Retinomotor movements of cones

The distance between ELM-IS in the double cones, at different times after T0, when fish were kept constantly in darkness, are in Fig. 6. The differences between the mean values in the sampling intervals were significant (F7.152 = 25.66, p = 0.0000). The highest mean values were obtained at T24, and T167, and the lowest at T0. From the first to the sixth hour in the dark the differences in ELM-IS mean values were not significant. From T12 to T18 the value was constant but significantly lower than at the other exposure times (p between 0.0428 and 0.0000).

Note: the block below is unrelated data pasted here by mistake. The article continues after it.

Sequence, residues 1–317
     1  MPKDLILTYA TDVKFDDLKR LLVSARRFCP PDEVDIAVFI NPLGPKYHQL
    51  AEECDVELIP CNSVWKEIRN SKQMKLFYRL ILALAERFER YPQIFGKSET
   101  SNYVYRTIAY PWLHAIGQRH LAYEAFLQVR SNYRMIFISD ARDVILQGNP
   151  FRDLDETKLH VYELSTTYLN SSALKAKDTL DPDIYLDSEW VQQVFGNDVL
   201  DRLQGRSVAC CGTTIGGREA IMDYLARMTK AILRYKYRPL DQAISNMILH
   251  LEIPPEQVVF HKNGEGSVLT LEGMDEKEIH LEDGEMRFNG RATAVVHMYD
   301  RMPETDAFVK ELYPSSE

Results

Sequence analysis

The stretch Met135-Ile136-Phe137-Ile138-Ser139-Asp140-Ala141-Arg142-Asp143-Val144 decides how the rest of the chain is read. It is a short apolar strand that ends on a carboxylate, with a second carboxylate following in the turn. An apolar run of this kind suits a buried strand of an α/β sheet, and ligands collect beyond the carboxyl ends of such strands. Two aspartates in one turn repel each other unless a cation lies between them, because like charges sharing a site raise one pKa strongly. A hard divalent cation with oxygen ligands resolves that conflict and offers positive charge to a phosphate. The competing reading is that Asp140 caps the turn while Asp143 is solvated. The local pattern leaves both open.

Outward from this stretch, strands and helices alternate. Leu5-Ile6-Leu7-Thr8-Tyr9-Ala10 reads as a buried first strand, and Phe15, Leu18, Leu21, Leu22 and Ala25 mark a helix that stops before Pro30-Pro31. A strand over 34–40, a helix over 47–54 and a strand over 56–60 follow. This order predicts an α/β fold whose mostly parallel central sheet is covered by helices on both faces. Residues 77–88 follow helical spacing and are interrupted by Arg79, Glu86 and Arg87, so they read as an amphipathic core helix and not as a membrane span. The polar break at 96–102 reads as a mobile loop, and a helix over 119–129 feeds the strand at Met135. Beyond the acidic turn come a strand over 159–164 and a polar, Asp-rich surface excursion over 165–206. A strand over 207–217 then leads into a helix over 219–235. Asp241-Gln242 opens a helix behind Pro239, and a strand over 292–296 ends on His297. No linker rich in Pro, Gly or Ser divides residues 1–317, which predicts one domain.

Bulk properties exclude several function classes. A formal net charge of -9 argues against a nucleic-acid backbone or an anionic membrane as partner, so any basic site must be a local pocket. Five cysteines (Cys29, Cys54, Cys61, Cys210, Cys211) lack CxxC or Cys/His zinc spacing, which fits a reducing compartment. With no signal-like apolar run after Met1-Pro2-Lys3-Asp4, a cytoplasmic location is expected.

The cones’ myoid movement at different times after T0, when fish were kept constantly in light, are in figure 7. The differences between the mean values at different times after T0 were significant (F7.152 = 4.12; p = 0.0003). At T0 and T the ELMIS was significantly lower than at T12 (p = 0.0060 and 0.0042 respectively) and T18 (p = 0.0419 and 0.0315 respectively). The highest value was obtained at T12 and the lowest at T0.

When the ELM-IS distance in fish kept in constant light was compared with the distance in those maintained in constant darkness, a significant difference in the mean values was obtained (F7.312= 6.53; p = 0.0000). If the times after T0 of fish kept in constant light were compared with those kept in constant darkness, significant differences were obtained at T1 (t 1.19 = 10.33; p = 0.0000), T2 (t 1.19 = 3.10; p = 0.0058), T6 (t 1.19 = 6.88; p = 0.0000), 24 (t 1.19 = 5.25; p = 0.0000), and T167 (t 1.19 = 7.61; p = 0.0000).